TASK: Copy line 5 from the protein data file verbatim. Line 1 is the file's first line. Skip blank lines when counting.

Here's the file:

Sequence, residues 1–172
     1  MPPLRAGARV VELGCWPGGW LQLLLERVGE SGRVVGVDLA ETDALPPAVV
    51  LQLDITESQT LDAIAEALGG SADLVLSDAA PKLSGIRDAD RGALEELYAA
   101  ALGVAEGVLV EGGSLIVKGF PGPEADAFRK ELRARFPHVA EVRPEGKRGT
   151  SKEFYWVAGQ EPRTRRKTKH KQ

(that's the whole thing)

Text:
   151  SKEFYWVAGQ EPRTRRKTKH KQ